Similarly, the crust, usually a fat, pale, doughy color in most of the pizzas we sample, was an earthy golden brown that perfectly supported the color scheme created up top— all of which belied the fact that this wasn’t a white pizza, but the tomato sauce was perfectly hidden beneath the beautiful yellow, green, and gold veneer. That might sound dumb, but it’s a thing: pizza that oversteps its physical boundaries is easy to come by. Sauce spilling everywhere; veggies falling off; pizza that only holds its physical form long enough to make the journey from plate to mouth. The MaestroMama’s pizza, by contrast, doesn’t just stay within its limits: it knows what it wants to be from the outset, it is perfectly that, if that makes any sense.
What I’m trying to say is that I liked it. And I liked eating it with the Maestro, as his wife, afflicted on that evening with a bad tummy ache, sat by and watched two grown men wax rhapsodic about one of their mom’s pizza-making skills.
(The Maestro’s wife is surprisingly tolerant of many of the Maestro and the Doc’s misadventures. I think she and the Doc’s girlfriend might have a secret support group going, maybe something with twelve or more steps and teddy bears.)
(We also talked about the clusterfuck of a book that is “Infinite Jest,” insofar as I’d just finished reading it at the Maestro’s behest, and was still attempting to psychologically process the clusterfuck of an ending to that clusterfuck of a book. MaestroMom, I apologize for the profanity, but your son’s attachment to that book is something that should really, really be looked at in therapy. I’m just sayin’.)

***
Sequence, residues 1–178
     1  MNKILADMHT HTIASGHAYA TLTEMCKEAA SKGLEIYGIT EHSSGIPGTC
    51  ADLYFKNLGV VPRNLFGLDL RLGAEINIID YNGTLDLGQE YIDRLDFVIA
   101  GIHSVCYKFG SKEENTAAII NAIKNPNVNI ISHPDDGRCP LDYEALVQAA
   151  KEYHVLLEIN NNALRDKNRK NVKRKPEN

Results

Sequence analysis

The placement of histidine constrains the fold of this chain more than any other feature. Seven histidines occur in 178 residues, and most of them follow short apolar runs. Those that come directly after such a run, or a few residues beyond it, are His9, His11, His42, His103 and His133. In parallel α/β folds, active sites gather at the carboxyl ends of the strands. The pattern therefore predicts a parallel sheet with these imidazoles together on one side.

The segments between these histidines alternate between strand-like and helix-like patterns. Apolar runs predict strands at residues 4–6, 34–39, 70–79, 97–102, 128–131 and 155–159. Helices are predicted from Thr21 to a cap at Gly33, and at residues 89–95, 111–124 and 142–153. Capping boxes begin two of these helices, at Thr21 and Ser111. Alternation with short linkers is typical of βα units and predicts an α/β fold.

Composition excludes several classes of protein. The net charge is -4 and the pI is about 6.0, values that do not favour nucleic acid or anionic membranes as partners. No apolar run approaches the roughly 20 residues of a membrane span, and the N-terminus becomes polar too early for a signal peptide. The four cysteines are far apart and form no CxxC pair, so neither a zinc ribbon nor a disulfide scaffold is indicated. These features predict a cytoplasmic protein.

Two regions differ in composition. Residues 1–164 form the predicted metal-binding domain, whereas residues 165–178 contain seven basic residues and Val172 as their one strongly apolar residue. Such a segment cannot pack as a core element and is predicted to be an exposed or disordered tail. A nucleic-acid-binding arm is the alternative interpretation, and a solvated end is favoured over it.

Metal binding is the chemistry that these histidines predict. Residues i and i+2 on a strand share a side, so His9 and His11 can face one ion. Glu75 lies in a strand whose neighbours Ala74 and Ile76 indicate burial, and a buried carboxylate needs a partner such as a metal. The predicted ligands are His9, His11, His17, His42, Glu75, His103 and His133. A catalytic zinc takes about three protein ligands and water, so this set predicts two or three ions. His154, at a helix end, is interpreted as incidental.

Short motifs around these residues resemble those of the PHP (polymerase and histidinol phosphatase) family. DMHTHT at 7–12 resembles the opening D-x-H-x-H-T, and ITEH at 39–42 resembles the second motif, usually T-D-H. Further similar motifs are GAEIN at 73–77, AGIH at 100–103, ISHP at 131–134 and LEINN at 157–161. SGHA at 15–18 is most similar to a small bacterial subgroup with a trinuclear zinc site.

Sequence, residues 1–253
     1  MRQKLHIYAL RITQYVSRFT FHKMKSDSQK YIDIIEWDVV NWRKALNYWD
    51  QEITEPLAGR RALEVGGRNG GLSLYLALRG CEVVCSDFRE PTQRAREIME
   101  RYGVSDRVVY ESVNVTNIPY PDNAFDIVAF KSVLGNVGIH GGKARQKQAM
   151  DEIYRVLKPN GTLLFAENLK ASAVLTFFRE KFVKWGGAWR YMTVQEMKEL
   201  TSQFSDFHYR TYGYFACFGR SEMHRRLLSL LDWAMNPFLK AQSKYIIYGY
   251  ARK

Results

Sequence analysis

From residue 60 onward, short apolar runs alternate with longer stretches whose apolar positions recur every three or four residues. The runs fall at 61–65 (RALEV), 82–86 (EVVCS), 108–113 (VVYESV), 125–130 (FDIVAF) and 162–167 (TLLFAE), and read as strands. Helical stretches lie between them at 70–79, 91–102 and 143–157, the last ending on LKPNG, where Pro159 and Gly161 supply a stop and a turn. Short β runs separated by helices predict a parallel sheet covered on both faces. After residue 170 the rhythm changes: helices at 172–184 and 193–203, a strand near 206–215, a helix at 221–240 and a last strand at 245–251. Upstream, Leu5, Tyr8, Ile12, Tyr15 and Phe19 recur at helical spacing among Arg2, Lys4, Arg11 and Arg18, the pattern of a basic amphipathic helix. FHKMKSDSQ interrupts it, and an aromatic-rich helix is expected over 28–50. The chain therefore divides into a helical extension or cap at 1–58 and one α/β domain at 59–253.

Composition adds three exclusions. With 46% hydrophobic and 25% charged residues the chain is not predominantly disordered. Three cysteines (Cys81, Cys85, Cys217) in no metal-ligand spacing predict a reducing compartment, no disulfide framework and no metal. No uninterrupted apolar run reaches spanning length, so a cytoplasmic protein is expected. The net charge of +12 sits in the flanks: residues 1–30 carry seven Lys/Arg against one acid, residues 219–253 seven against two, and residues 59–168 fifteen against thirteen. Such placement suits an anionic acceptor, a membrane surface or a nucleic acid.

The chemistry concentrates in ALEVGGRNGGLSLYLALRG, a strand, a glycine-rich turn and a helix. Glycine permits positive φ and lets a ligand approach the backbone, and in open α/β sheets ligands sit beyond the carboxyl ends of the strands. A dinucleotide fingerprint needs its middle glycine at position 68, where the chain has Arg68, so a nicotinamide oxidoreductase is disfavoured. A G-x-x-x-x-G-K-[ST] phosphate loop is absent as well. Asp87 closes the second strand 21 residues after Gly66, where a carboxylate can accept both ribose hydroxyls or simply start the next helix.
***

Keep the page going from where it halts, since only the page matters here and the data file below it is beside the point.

So. It looked great; it tasted great. The Maestro noted in his post that it came out just a touch burnt; I’m going to say that was actually part of the experience. It didn’t stop me from slurping down piece after piece, and requesting the leftovers (which only existed because there is a limit to how much physical matter can literally exist within a human stomach in a finite time period) be wrapped in tin foil to be ferried home to my girlfriend.
(Said leftovers were decimated within 24 hours. You simply can’t make pizza that looks and tastes like that and expect to have leftovers for any appreciable length time, people. C’mon.)
The Maestro and I have had lots of conversations of varying depth and intensity lately about the ideas of attachment and loyalty. We’ve both had things happen within the course of the last year— hell, the last eight months— that have caused us to ask some fundamental questions about those concepts. What does attachment amount to, anyway? Who deserves our loyalty, our trust? Are attachment, loyalty, and trust things that can be measured or observed in any kind of objective way?
What occurs to me about those conversations is that we were, fundamentally, talking about the very ideas that make “family” such an important thing— because it’s there that we have our first experiences of loyalty, trust, identity, and attachment.
Family gives us our first sketches, our first outline, of what relationships of all kinds— friendships, love relationships, working relationships— should look and feel like. It’s a truism in my job that the interpersonal world a patient creates is usually a latter-day echo of their early family dynamics. Family provides the outline, the framework, for our later relationships. The scaffolding, if you will.
That scaffolding is either strong, or shaky…and tends to become more so over time.
I’ll let you guess what kind of scaffolding the Maestro got by looking at the pictures he included in his post.
Thanks, MaestroMom. Thanks for the pizza. And thanks for my friend.